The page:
History of the Centre
In the inaugural lecture that followed his appointment as Professor of English at the University of Birmingham in 1962, Richard Hoggart announced his intention to conduct research into ‘mass’ culture. Two years later, Hoggart had founded the Birmingham Centre for Contemporary Cultural Studies.
Under the directorship of first Hoggart and then Stuart Hall and Richard Johnson, and with the commitment of Michael Green throughout, the Centre operated at the intersections of literary criticism, sociology, history and anthropology. Rather than focus on ‘high’ culture, the intention was to carry out group research on areas of popular culture such as chart music, television programmes and advertising. This approach went profoundly against the grain of conventional academic practice.
The Centre had few members of staff and much of the work it produced was the result of collaborations between students, many of whom came from backgrounds that were under-represented in universities. Work produced at the Centre showed that popular culturewas not only worthy of academic study but often also politically significant. It showed, for example, the importance to young people of subcultures based around style and music, the ideological influence of girls’ magazines over their young readership, and why a ‘moral panic’ over the presence of black communities had evolved in 1970s Britain.
The Centre’s focus on the ‘contemporary’ in Birmingham, Britain and later around the world was combined with an engagement with critical theory, often introduced from the continent. The application of these theories to contemporary society was rigorously debated during weekly ‘sub groups’.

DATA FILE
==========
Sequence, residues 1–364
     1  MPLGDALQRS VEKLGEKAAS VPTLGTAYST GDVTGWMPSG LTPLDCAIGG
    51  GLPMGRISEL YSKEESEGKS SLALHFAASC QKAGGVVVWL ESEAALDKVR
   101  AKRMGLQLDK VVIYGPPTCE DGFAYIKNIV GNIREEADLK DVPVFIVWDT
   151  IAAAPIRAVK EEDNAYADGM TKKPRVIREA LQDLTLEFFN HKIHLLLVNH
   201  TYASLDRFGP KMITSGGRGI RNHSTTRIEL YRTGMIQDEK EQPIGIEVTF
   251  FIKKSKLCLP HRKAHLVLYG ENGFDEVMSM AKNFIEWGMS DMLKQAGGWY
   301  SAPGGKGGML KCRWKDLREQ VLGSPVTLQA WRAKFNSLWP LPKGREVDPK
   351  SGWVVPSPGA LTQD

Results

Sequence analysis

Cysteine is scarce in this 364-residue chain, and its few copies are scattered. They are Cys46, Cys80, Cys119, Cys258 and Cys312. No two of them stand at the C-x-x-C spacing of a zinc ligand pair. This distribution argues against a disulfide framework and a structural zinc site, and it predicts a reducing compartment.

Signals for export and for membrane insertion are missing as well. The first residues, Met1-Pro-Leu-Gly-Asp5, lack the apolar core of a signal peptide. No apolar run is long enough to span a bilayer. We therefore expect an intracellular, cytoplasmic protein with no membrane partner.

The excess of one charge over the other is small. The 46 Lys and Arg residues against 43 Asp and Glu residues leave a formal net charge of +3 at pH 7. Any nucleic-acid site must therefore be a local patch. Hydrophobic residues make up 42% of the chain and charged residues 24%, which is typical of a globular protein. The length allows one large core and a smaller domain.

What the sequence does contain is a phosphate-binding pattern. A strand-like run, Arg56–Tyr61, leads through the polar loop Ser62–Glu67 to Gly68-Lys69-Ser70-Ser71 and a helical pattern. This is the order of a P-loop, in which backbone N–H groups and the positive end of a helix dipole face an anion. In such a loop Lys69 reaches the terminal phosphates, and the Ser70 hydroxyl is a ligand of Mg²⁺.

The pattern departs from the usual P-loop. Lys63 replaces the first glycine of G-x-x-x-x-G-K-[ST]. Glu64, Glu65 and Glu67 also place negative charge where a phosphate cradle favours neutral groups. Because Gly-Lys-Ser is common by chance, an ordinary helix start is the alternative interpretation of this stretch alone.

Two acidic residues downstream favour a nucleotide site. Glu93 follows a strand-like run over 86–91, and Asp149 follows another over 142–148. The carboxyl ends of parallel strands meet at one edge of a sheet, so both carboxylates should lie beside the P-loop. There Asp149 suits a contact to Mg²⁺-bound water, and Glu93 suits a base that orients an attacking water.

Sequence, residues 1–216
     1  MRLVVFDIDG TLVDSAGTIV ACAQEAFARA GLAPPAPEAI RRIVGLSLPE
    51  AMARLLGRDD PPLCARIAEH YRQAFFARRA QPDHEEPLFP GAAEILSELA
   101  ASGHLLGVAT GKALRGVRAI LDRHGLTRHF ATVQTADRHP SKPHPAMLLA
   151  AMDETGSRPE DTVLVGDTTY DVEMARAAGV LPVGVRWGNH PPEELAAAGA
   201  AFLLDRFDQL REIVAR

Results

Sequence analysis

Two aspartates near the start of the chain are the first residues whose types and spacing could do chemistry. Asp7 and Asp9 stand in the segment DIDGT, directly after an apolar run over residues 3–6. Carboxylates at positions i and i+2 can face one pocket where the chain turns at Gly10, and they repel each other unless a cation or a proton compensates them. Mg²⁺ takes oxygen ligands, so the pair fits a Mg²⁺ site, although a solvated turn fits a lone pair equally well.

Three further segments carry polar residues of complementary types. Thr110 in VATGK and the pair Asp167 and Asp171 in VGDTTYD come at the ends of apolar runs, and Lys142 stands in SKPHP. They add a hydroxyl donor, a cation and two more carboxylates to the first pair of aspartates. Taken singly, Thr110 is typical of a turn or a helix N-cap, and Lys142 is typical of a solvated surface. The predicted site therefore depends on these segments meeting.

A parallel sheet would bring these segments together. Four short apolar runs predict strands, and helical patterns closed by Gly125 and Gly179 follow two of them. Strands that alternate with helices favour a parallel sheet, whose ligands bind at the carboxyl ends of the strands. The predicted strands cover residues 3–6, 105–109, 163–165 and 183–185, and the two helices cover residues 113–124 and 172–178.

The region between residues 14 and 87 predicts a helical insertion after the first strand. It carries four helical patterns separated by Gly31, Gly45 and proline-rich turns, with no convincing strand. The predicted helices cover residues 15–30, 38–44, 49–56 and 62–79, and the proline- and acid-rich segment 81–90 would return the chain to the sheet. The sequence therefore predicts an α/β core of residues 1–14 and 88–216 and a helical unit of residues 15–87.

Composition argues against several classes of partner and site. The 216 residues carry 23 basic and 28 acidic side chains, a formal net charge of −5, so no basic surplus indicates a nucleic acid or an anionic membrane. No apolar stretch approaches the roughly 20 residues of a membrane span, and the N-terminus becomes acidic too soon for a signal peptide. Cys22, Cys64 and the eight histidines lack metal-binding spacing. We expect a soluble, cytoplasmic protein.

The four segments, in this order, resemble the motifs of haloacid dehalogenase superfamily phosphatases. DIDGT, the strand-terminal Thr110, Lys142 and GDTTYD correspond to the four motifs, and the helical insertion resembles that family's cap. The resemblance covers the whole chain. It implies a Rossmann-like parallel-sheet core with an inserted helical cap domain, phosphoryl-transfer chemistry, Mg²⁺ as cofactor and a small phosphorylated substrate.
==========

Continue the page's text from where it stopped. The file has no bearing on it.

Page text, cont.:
Conventional boundaries between teachers and students were intentionally broken down at the Centre, creating a democratic approach to learning that was a training ground for several noted public intellectuals and produced numerous foundational texts. The Centre also had an important influence outside the academy, with numerous former students playing significant roles in altering the political and cultural landscapes of Birmingham and beyond. Having been merged with the Department of Sociology, the Centre was closed down by the University of Birmingham in 2002
To mark the 50th anniversary of the Centre’s establishment, this project sought to re-examine its significance. Its contribution within academia is now largely well-known – open any cultural studies handbook and you will find a section on the ‘Birmingham school’. The focus for the project has been on how a body with relatively little funding was able to arrive at these contributions, and the impact the Centre had outside academia, on the city of Birmingham and beyond. How, for example, did the Centre’s commitment to multi-disciplinarity and collaboration approach work in practice, and how did this affect wider relations with the university? What was the Centre’s relationship with its subject of the ‘contemporary’? What was – and is – the broader political significance of the Centre?
The CCCS Project seeks to offer answers to these questions, communicate the significance of the Centre’s work to the widest possible audience, and continue to engage with the issues that concerned staff and students at the CCCS.